History by the roadside: Duncan Cameron’s Cairn

Just to the west of Glenfinnan on the road to Mallaig, under a grove of oak trees by the side of Loch Eilt, stands a cairn with a bronze memorial plaque which is dedicated to the memory of Duncan Cameron.

The plaque reads:

This cairn was erected by the friends and servants of Duncan Cameron of Inverailort on the day of his funeral 30th June 1874.  They carried his coffin from Inverailort House to this point where his property begins on the north side of Loch Eilt and here it was placed in the hearse which conveyed his mortal remains to their rest in the family burying ground at Kilmallie.  The oak trees round the cairn the leaf of which is the Cameron badge were planted on the same melancholy occasion.  Raquiescat in pace.

The Cameron clan has roots in the Lochaber area that stretch back to the 1400s, when Donald Dubh was the first clan chief.  The Camerons were staunchly loyal to the crown, supporting Charles II in the Civil War, and later Bonnie Prince Charlie during the Jacobite rebellion in 1745.  Glenfinnan, where Prince Charles first raised his standard in the presence of over a thousand  Highlanders, is only a mile or so away.

In the wake of Prince Charles’ defeat and subsequent flight, the Camerons lost their Highland estates;  their clan seat, Achnacarry, was burned down by troops acting on the orders of the English crown.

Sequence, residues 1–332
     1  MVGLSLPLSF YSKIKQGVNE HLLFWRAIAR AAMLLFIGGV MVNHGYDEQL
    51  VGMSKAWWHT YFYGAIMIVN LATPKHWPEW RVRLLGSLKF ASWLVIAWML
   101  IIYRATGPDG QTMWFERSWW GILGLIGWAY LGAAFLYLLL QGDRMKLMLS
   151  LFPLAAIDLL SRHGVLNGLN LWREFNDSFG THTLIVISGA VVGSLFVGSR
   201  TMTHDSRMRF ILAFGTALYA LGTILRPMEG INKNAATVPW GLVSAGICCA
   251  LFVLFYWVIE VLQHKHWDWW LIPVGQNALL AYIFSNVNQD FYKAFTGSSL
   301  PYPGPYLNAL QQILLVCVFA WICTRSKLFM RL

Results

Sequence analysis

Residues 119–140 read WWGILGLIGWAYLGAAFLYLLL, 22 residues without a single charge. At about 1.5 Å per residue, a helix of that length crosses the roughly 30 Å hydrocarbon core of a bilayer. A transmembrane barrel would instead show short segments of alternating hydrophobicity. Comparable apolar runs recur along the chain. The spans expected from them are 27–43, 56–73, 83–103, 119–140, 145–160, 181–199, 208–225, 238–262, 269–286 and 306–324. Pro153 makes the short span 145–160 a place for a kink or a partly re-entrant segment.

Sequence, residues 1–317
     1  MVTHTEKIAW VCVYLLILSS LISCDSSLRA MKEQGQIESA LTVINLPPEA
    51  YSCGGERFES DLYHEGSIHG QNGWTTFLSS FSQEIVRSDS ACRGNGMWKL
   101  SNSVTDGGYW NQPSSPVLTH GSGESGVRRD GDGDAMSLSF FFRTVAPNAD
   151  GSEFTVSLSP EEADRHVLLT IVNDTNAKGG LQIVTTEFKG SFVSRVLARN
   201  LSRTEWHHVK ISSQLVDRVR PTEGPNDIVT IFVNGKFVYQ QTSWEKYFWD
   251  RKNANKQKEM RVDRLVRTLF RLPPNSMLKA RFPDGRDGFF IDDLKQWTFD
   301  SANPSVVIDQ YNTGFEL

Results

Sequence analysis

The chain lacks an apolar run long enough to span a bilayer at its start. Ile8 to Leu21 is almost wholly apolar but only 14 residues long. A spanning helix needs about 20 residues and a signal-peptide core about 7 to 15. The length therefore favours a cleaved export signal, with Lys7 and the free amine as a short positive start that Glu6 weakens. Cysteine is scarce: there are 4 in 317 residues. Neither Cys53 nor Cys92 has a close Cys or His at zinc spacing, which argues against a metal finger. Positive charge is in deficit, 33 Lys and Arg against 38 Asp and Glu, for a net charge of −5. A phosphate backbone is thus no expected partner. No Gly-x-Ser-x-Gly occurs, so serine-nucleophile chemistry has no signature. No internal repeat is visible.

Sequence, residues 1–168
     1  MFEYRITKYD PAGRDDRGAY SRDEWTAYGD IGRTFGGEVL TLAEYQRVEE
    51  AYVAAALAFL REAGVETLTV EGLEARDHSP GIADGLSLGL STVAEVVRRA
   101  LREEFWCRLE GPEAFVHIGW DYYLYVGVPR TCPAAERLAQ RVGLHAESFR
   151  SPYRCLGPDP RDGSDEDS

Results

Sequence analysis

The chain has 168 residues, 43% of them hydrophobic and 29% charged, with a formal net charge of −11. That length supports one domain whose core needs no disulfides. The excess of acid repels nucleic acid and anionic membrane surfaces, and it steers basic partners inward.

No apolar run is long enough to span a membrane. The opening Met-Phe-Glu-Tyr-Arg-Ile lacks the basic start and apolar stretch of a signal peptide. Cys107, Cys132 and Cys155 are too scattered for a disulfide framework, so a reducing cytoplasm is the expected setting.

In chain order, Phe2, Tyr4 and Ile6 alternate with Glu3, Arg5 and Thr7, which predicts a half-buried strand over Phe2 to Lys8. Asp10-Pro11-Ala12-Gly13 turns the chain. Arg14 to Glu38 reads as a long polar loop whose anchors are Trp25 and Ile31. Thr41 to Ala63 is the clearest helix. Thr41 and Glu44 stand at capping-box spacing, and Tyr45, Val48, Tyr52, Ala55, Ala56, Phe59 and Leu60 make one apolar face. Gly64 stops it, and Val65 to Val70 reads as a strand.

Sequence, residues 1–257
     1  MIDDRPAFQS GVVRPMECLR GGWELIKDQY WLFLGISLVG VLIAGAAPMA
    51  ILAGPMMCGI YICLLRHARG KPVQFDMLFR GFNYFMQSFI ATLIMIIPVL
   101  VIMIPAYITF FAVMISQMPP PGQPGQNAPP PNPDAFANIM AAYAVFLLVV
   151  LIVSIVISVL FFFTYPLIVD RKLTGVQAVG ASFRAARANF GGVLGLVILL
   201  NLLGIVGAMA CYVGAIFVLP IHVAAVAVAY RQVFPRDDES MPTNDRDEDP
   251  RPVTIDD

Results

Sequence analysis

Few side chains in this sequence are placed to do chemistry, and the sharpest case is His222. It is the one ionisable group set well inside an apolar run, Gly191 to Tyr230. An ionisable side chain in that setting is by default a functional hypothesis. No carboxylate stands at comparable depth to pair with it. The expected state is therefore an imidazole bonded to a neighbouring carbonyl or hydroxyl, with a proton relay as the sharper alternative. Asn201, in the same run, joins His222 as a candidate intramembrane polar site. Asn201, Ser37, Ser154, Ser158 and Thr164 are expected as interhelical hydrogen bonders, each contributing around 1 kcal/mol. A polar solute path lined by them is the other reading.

Loch Eilt has featured in two Harry Potter films, and provided the setting for scenes in the 1983 classic movie, ‘Local Hero‘.

Comments

  1. Homestead Ramblings says:

    So interesting.

  2. Susan Abernethy says:

    How unusual! I really like it. Such history.

  3. Susan Abernethy says:

    Reblogged this on SSS News & Notes and commented:
    Here’s an unusual cairn in Scotland. Such history in these sites!

  4. Lovely photos, I didn’t know about this cairn before.

    • It’s a bit off the beaten track, and I have to admit that, as cairns go, it’s quite ‘recent’ in terms of history. But the setting is just beautiful.

  5. Wow very interesting! You always have neat history lessons. I never knew cairns were so well constructed. I had always thought they were just rocks piled up in a heap. Now I know what our two pups are named after…a perfectly formed rock and stone structure!

    • Thank you, David! Usually cairns aren’t so well constructed – this one was more recent than most! A lot of them are basically mounds of stones, in various haphazard shapes. It’s also a tradition with walkers to place an extra stone on hilltop cairns, which is why they have a tendency to grow!

  6. Love the style of the inscription- fascinating history!

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